'The Ice Road': My Life In A Siberian Labor Camp

My life was hard labor in a Siberian logging camp, working all year round, maintaining an ice road for the transport of timber in subzero temperatures.
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"A thrilling adventure, all the more remarkable for being true."--Norman Davies, foreword to "The Ice Road"

A few days after I turned fifteen, I found myself crammed into a cattle car with dozens of other people, lying on a long shelf. Luckily, I had a slit of a window. I kept thinking, soon I will be out of Soviet-controlled eastern Poland, on my way home near Warsaw -- though it might be a different home living under the Nazi occupation.

Dawn was coming, I couldn't sleep -- something was wrong. And then it hit me. The sun was rising on the wrong side. The train veered slightly to the left and I saw the reddish gold disk just over the horizon. I tried to think straight. On the map the railway line was perfectly straight. It went west to Warsaw and then Berlin, or east to Moscow. We were supposed to be going west.

Days later, the doors opened on Siberia, our worst fear.

We deportees, including old people and babies, were herded outside a log hut. A colonel raised his right arm, silence fell. He spoke calmly; the settlement was called Kvasha and we would spend the rest of our lives here. "You will live by the basic tenet of socialism: He who does not work, does not eat."

Later, Father told me: "Mother was assigned to a forest brigade. I could not allow it. I am sorry, but it means that you will have to go to work in her place. On this condition they agreed to leave Mother alone. Because of your age you will work only a six-hour day. I am sorry...I am sorry," Father kept repeating, visibly upset.

"Never mind," I said. "Honestly, Father, I am glad that you did it. I was wondering what I would do here all day. Really, I don't mind the slightest bit." Mother had tears in her eyes. She hugged me and I was embarrassed, but not too much. I felt grown up and, suddenly, it was all right to be hugged by my mother, even in public.

My life was hard labor in a Siberian logging camp, working all year round, maintaining an ice road for the transport of timber in subzero temperatures. Why? I had done no crime. I watched my father's health deteriorate and my mother quickly grow old. The Soviets told us we were "enemies of the people," here to be re-educated, but we were just individuals trapped by the vicissitudes of war. Nowadays refugee camps in Africa, Bosnia, Afghanistan, are full of people like us, hostages to history.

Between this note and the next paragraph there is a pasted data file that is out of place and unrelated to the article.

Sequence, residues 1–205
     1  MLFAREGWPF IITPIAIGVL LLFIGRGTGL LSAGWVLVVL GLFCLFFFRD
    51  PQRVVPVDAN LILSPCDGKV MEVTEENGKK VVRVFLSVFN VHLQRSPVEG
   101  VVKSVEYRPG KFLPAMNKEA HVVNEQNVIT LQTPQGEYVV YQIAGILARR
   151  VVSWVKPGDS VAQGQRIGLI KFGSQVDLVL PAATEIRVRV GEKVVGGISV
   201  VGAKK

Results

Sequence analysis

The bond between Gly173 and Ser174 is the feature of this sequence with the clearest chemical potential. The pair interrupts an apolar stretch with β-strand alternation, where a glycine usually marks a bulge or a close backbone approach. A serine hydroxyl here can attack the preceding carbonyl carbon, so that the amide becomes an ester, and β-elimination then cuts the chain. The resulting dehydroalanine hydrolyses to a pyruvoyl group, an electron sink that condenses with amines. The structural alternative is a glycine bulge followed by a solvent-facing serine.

After the Nazi invasion of Poland, one and a half million Poles were arrested by Stalin who, having signed a pact with Hitler, annexed half of Poland in 1939. He kept it after the war ended, with the tacit approval of our allies Britain and the U.S. At the end of the war, though I eventually fought for a free Europe, I had no country to return to.

There are families who lose everything in the catastrophe we call history. I was sure I had lost my future. With no hope of school, my dream to become a doctor, like my father, was a memory -- just like my idyllic childhood in our villa near Warsaw. I was too tired to think of anything but a way to survive.

I became a bystander, a person who had lost one world and not yet found another. These stories have to be told, no matter how long it takes. I finally wrote "The Ice Road" for my American grandsons so they would know what happened.

I also wrote it because the history of WWII in Europe has become that of the West -- yet the role of Poland, the first of the Western Allies to fight Hitler, remains in the shadows. Most people, including even some Poles, have never heard this story. And it should be remembered, that this war was not just some glorious enterprise of good fighting evil. It was not as clean as the victors would like it remembered. Stories like mine are evidence of what really happened.

After the war ended, I could not envisage going back to Poland and spending more years under a communist rule. Instead, I found a new life in Britain. And though it seemed impossible, because of my lost years, to become a physician, I did become one. I also married my wartime sweetheart Danuta, whom I had met on the shore of the Caspian Sea after escaping from Stalin's paradise. We have now been married for 61 years.

In some ways, my life seems to have been an accident -- of fate or providence, whatever you call it. There were coincidences that kept our family together when others were separated and when so many -- more than half of the Poles deported by Stalin -- died. And the most absurd irony is that had that train returned to Nazi-occupied Poland, we would most likely have died in concentration camps.

Siberia made me grow up fast, and that wasn't all bad. Life was a great adventure! I was proud that at fifteen I was doing a man's work. I found a first love and enjoyed wild bareback rides in the forest. But the most important thing I gained from my travels -- escaping Siberia on a self-made raft, life in Soviet Central Asia, crossing Kazakhstan's mountains, the Caspian Sea, reaching a Persian beach -- was the knowledge that one could achieve anything with determination and an ounce of luck.

If you are suddenly caught in a whirlwind you need to mobilize all your skills. And, never knowing what crises might arise, I also learned the habit of lateral thinking, which helped me to solve problems quickly. But these are consolation prizes for the fortunate, for those who survived.

Individuals get caught in conflicts not of their making. Their stories must be told -- though it may be too much to hope that in the future nations will pause before repeating the errors of history...

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